Imagine what it’s like to experience dementia or a visual impairment – what life really looks and feels like from inside that world.
Or imagine simulating a live surgery as a medical student, holding the scalpel in your hand, hearing the voices of your medical team around you, surveying the choices without risk of harm or mistake.
With advances in virtual reality, you can. The applications for the technology are leading change in the industry by offering enhanced training experiences and experiments in empathy by actually transporting viewers “into another’s shoes.”
It’s a safe bet to say that virtual reality has the potential to alter healthcare in profound and lasting ways.
At The Better Lab, we’re working to advance a project that uses virtual reality to train emergency medicine, surgery and anesthesia providers on collaborative teamwork, professionalism and empathy to improve the care experience during 900 trauma activations. The hope is to develop a training experience using 360 video and immersive storytelling to help these unique teams work together with greater insight. The project is a partnership with David Sarno, of Lighthaus Inc., an award-winning virtual reality studio that has pioneered immersive experiences in healthcare and education, and media technologist Sam Stewart, who has extensive 360 video production experience and trains journalists on the use of digital tools for storytelling at Google News Lab.
Learning from David, Sam and others about the landscape around this technology has been an exciting journey.
One thing we quickly discovered: It’s hard to enter the world of VR without finding yourself at Stanford’s Virtual Human Interaction Lab, founded in 2003 by Jeremy Bailenson. Bailenson studies the psychology of VR – in particular how virtual experiences lead to changes in perceptions of self and others. His lab builds and studies systems that allow people to meet in virtual space, and explores the changes in the nature of social interaction, with recent research focusing on how VR can transform education, environmental conservation, empathy, and health.
Bailenson’s work also led him to a rich partnership with Derek Belch, a former Stanford Cardinal football kicker and assistant coach. Belch did graduate work at Stanford, and his Master’s thesis explored virtual reality applied to sports training. The results of this work led to the development of STRIVR, which created the market for virtual reality sports training.
Who does STRIVR train? Not just the Cardinals (and Cal), but the Giants, New York Jets, Dallas Cowboys, and more.
STRIVR takes a 360 camera to practice and films as close as possible to the decision maker – usually the quarterback or a linebacker. Later, when the athletes come for film study they can transport themselves back to the field to do additional reps. The video is used to get extra practice in a world where mistakes are free so that they can make the best possible decisions in real time. Or, as the STRIVR website describes it: “Unlimited practice repetitions anytime, anywhere. From the exact vantage point of where you actually play the game.”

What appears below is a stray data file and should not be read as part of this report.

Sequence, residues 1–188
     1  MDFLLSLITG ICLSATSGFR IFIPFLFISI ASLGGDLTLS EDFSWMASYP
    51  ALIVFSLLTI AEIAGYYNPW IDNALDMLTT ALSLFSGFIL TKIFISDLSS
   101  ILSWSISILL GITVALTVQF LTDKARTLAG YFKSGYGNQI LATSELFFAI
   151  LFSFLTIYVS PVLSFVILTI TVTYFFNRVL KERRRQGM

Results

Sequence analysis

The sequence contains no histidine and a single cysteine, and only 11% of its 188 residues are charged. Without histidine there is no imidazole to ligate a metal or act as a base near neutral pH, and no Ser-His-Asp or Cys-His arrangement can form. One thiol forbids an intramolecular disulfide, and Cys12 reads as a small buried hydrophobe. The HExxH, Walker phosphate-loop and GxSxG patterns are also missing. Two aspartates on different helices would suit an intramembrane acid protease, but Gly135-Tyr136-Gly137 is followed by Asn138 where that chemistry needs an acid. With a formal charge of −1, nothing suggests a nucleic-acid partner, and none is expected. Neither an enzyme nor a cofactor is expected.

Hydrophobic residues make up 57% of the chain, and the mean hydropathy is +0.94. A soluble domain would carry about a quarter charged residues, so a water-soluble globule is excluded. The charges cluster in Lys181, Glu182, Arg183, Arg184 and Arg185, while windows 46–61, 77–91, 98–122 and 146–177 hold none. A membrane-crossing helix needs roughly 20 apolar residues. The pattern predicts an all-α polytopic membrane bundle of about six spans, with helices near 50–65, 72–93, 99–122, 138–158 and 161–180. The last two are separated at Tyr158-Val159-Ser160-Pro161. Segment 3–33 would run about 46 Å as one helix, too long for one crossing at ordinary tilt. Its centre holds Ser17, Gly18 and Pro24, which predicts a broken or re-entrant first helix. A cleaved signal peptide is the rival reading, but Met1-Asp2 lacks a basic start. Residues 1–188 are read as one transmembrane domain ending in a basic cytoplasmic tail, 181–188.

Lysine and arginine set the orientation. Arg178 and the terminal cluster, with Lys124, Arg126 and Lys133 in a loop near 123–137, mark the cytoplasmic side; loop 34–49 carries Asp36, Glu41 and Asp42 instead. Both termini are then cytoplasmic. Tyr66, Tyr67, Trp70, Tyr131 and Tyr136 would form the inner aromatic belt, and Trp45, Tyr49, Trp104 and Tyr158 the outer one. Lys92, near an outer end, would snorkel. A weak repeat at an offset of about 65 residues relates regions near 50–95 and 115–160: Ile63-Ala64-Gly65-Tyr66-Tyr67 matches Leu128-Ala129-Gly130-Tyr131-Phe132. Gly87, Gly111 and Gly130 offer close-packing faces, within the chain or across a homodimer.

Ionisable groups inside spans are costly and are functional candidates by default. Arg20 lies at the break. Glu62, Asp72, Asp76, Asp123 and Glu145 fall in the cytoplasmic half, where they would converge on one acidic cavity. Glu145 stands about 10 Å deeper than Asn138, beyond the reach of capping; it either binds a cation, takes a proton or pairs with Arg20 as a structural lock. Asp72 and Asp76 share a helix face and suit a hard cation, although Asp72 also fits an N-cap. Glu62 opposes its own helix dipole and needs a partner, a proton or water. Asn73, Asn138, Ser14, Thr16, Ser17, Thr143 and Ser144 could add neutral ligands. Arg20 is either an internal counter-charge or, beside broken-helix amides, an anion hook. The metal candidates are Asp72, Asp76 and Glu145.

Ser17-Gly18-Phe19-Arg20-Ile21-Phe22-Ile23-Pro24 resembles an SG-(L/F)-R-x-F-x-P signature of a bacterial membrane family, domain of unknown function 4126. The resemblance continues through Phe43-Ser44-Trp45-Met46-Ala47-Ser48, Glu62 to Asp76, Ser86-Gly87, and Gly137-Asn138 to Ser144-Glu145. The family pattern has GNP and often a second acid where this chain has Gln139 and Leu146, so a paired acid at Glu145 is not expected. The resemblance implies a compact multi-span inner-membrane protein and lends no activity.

It’s easy to see why this would lead to healthcare, where physicians and medical teams often work in high-stakes environments where seconds can mean the difference between life and death.
The work of STRIVR has been so successful that they’ve expanded to corporate, enterprise and medical training.
Although the medical space for virtual reality is much younger, the core product for training is similar – “creating virtual reality experiences that allow people to get extra reps so they can be as prepared as possible for their day jobs.”
The applications for empathy training are newer, but no less fascinating or promising. Stanford’s Bailenson did a study that put people in VR to experience color blindness, with a control group going through the same experience in 2D. Both were then given the opportunity to help the colorblind. Results indicated that the VR group spent twice as much effort to help persons with colorblindness compared to participants who had only imagined being colorblind. Those are powerful results.
The technology is also being used to understand “implicit bias” in ways people behave – not to cure them of bias, but to make people aware of bias so they can align their behavior with their values.
Other ways that virtual reality is changing healthcare?
• Relaxing chronic patients by transporting them outside of the hospital to visit a landscape in Iceland or swim with whales in the ocean
• Making children in the hospital feel like they’re at home by taking 360 cameras into their actual homes and allowing them to experience the familiar
• Helping students and physicians experience life as an elderly or impaired person to improve understanding and communication
• Speeding up recovery for stroke victims by starting rehabilitation earlier, with patients “practicing” how to lift their arms and move their fingers with the help of virtual reality
• Improving hospice and end-of-life care by helping those with limited mobility to experience life outside treatment and give them a chance to go back to places in their past that hold fond memories
It’s a tech horizon that’s reaping some big bets. In 2014, Facebook CEO Mark Zuckerberg bought Oculus VR, one of the most prominent virtual reality startups in the industry, for $2 billion. The plan? Zuckerberg expects to spend over $3 billion in the next decade to improve virtual reality and make it accessible to the masses. Today virtual reality may still linger on the margins, but future activity and growth seems inevitable – and the opportunity for innovations in health are vast.
Eric Williams, Co-Creator of OU’s Immersive Media Initiative, said it best in a recent interview: " This technology is so new that the next steps are only limited by our imagination."
We look forward to sharing our own experiences in VR in the future.